Because I said I would talk more about the weekend's advertising, here goes:
Friday at 10am Central my Kindle Countdown Deal started. The price went to $.99. I tweeted. I facebooked.
Friday at 1pm Central by ad went live in the Ereader New Today newsletter.
And the sales started racking up.
By midnight, I had reached 197 orders*. At 10am on Saturday when the price rose to $1.99, I sold another 15 books. And I had reached #8 on the Amazon hard-boiled mystery list, #10 on the Kindle hard-boiled mystery list, and #24 on the crime thriller list. I also broke the top 1000 of all books at Amazon.
At the $1.99 price point, I sold 19 books on Saturday and none before the price went up to $2.99 on Sunday.
I sold two books in the late afternoon on Sunday at the $2.99 price point.
I also had people read at least 2800 pages in the KU program or about 5.5 books - which I kind of attribute to people reading the ENT ad, borrowing the book, and reading it. I don't know if that was actually 6 people reading five and a half books or 11 people reading half the book or 100 people reading a small portion of the book. I prefer to think the first scenario.
I also sold two Dying Embers yesterday - after not selling any in the prior days of July - so I could count those as residual sales from people snagging AD and looking for other books I've written. Could just be a coincidence, though.
I picked up one new Amazon review. 5-stars. Thanks for that, whoever you are. I also got an awesome Goodreads review. You know who you are and you totally rock.
Since ENT has a policy that they won't take another ad for the same book for 90 days, I can't repeat this experiment for a while. I know when Wish in One Hand is ready, I will place an ad there for that book, too. The ad did what I wanted it to - pay for itself, get me some nice sales, and push my book into the rankings so more people might discover it. That's really all one can ask from advertising, really.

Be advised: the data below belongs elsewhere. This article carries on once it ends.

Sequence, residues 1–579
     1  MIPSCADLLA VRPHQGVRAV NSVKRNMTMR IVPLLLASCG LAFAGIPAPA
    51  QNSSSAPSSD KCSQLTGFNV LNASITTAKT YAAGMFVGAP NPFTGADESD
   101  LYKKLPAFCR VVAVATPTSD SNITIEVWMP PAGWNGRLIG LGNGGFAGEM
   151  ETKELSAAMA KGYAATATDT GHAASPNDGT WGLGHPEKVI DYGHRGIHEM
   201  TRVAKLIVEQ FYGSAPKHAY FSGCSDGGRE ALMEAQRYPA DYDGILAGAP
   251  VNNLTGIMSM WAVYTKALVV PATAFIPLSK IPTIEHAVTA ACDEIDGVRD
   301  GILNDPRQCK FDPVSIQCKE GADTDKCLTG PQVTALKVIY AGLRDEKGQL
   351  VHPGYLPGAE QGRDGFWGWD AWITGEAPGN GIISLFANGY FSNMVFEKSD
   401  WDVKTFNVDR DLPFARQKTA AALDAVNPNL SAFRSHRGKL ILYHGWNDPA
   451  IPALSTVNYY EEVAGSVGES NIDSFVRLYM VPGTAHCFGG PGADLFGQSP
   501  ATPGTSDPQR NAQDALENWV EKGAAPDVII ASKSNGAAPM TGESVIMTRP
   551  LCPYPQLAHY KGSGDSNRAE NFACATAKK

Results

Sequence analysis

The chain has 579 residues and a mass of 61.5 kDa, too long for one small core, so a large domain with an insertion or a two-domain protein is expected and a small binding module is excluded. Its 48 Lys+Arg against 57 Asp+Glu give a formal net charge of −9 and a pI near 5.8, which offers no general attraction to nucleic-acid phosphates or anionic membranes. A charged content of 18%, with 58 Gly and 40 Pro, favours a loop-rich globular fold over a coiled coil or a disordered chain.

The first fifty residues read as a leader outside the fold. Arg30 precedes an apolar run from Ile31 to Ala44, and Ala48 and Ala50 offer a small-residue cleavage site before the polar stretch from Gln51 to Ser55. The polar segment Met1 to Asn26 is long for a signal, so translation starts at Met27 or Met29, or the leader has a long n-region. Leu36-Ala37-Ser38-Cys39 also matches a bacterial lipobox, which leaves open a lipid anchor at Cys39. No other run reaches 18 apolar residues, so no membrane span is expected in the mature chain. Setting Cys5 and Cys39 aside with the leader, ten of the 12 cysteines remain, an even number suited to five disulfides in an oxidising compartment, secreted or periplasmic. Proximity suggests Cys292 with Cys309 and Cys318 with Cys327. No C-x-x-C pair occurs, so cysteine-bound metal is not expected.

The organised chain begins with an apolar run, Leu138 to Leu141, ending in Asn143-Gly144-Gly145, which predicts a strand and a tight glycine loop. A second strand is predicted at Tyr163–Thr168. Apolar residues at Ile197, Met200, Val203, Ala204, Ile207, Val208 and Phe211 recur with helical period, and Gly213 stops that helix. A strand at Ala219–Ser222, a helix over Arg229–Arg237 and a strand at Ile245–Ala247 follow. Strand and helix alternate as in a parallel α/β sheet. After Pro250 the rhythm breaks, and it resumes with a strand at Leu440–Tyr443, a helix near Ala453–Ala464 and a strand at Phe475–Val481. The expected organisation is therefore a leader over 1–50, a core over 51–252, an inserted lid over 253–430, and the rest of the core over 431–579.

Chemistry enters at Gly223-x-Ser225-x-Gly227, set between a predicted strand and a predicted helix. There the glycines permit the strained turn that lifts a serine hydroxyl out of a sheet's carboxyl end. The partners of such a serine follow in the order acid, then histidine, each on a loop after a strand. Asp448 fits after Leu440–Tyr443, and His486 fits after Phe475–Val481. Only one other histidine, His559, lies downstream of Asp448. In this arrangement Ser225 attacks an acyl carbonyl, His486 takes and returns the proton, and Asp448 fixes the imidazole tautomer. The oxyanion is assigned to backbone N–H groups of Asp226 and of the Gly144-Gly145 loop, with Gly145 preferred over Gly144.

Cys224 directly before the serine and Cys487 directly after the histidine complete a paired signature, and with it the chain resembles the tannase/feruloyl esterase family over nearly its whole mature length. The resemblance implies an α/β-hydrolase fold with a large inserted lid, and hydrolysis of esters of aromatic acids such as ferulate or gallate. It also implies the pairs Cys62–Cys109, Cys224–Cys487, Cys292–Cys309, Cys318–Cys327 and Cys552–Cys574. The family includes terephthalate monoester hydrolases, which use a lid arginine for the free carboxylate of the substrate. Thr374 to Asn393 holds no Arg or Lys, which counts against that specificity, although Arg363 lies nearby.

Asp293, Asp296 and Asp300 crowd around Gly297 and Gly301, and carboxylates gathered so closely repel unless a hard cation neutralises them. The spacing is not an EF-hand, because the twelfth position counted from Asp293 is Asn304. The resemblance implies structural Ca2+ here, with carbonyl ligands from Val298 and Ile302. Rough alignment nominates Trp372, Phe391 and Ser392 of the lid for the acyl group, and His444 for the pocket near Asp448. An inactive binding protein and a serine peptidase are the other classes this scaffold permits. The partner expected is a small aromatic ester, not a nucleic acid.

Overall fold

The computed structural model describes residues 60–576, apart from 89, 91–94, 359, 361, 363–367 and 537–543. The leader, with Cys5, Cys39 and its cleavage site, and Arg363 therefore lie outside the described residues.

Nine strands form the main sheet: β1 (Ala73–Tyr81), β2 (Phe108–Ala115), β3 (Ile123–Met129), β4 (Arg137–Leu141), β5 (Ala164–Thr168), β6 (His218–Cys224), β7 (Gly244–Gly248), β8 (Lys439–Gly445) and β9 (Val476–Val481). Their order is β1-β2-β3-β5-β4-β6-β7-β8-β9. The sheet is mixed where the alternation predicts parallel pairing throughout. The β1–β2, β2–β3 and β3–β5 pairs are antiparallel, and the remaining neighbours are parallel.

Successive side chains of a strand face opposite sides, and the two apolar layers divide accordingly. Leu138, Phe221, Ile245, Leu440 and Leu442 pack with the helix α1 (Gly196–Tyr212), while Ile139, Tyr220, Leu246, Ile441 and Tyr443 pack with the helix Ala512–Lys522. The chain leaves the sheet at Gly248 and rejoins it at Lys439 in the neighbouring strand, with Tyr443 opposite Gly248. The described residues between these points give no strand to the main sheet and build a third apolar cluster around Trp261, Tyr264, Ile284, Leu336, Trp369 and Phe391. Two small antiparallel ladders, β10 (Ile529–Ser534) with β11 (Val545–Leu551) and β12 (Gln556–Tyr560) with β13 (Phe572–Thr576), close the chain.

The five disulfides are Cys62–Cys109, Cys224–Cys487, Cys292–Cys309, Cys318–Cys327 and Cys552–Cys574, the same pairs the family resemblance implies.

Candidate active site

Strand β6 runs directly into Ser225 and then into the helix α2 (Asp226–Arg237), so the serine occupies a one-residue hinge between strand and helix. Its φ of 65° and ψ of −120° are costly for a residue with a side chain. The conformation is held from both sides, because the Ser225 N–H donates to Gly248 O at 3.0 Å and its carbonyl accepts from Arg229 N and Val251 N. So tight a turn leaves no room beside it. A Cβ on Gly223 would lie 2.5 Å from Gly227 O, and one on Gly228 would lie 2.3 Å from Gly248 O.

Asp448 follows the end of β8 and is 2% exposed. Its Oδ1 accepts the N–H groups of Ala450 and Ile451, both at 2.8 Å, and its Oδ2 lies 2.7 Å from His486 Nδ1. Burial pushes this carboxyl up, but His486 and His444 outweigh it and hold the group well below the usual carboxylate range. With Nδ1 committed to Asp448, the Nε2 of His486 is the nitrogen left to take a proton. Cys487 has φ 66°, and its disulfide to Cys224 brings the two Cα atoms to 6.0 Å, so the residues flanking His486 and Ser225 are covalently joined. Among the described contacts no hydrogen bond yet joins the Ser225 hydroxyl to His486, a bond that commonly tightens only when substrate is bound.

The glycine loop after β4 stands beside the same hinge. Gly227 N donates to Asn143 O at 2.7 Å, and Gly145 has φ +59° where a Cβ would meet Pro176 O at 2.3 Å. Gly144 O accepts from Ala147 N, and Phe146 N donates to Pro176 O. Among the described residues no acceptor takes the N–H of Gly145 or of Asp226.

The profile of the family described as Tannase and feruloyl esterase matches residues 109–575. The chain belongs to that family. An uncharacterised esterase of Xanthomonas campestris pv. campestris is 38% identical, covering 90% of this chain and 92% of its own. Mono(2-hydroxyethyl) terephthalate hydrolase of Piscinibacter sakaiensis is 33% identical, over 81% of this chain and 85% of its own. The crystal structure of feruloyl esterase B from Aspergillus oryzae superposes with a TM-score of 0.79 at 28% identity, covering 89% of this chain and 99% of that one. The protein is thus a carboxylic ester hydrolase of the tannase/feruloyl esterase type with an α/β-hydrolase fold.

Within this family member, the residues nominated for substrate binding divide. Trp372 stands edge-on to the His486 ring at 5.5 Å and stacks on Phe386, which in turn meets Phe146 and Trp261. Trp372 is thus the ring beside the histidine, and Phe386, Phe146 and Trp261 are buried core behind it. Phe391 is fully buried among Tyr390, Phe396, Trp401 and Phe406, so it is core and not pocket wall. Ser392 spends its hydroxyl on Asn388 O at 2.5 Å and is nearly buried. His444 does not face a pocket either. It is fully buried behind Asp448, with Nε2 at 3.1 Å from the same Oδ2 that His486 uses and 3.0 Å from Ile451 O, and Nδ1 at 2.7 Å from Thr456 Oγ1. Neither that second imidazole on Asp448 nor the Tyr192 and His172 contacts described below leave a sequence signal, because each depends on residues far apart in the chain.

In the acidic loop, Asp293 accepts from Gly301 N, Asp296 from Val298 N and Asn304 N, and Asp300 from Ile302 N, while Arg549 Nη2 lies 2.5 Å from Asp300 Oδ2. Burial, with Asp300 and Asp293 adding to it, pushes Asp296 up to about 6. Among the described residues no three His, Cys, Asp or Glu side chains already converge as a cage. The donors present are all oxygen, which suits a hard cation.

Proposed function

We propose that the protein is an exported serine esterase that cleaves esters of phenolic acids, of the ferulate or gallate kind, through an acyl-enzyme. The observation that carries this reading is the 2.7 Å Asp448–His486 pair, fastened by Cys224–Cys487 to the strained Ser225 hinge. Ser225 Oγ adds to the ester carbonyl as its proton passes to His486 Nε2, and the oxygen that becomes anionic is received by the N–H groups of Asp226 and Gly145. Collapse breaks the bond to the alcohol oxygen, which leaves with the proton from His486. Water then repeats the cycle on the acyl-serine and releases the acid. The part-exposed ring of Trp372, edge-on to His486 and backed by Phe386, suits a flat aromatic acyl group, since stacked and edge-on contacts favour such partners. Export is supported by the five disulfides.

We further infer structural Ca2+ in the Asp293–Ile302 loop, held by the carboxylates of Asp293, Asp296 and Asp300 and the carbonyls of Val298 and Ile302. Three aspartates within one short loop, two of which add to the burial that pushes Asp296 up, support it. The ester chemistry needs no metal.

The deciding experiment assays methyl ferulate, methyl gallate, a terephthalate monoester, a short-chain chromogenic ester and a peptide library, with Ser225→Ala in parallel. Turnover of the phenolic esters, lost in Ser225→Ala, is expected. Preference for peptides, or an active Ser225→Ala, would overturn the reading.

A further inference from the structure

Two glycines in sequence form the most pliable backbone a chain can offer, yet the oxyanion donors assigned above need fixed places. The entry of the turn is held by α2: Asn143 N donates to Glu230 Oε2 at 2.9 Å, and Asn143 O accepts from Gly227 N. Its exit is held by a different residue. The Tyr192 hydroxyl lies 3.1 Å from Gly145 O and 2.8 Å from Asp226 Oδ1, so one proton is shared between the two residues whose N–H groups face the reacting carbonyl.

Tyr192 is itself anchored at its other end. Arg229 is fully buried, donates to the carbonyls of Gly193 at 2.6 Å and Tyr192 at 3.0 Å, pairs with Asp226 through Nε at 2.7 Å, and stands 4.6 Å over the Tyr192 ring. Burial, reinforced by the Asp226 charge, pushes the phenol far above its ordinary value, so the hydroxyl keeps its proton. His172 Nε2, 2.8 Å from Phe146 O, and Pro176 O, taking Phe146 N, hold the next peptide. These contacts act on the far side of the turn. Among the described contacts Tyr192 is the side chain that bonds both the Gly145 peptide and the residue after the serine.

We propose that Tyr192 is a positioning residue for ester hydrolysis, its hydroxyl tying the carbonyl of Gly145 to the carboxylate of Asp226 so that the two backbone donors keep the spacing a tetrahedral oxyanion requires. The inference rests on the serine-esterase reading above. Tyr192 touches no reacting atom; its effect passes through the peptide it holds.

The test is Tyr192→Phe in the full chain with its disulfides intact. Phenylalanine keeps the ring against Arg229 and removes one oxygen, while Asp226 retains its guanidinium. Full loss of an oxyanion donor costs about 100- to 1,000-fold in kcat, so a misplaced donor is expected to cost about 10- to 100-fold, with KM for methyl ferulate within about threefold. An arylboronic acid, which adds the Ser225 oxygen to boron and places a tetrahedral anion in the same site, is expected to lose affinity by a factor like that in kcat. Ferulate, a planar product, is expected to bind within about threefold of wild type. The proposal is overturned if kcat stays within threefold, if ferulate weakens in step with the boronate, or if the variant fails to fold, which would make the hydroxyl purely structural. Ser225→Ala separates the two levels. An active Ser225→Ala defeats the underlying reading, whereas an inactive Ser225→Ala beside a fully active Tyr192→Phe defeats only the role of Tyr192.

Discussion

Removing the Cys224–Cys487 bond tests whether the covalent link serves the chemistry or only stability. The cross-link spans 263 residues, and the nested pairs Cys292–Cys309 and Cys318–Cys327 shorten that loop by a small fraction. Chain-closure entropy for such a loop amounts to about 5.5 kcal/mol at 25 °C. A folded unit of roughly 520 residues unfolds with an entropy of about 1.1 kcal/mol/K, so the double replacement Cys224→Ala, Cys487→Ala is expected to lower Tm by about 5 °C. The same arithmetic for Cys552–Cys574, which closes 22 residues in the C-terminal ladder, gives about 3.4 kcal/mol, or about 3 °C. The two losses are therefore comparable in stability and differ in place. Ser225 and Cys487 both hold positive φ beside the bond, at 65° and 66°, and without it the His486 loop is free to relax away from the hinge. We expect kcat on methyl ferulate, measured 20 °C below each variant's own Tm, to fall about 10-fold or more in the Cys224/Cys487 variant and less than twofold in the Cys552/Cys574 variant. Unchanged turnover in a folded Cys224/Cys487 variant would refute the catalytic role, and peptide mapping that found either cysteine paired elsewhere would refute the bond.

I hope that helps put things in perspective. And as always, this is my journey. What happens here might not be indicative of what will happen with your advertising and your books. You could sell tons more. Or maybe less. That's your journey. Write the best book you know how, put together some snazzy cover copy and a good cover, and see what happens for you.
And good luck! None of this is easy, but it's been worth it for me. Even if watching the sales data has become somewhat addictive. ;o)
*technically all of my mentions of 'sales' in the above post are really 'orders'. Some of them still have to clear the buyer's bank before they count in my royalty report, and I didn't feel like parsing all that out before this post went live. Suffice it to say, most orders turn into sales within a few days, so it all comes out on the good side.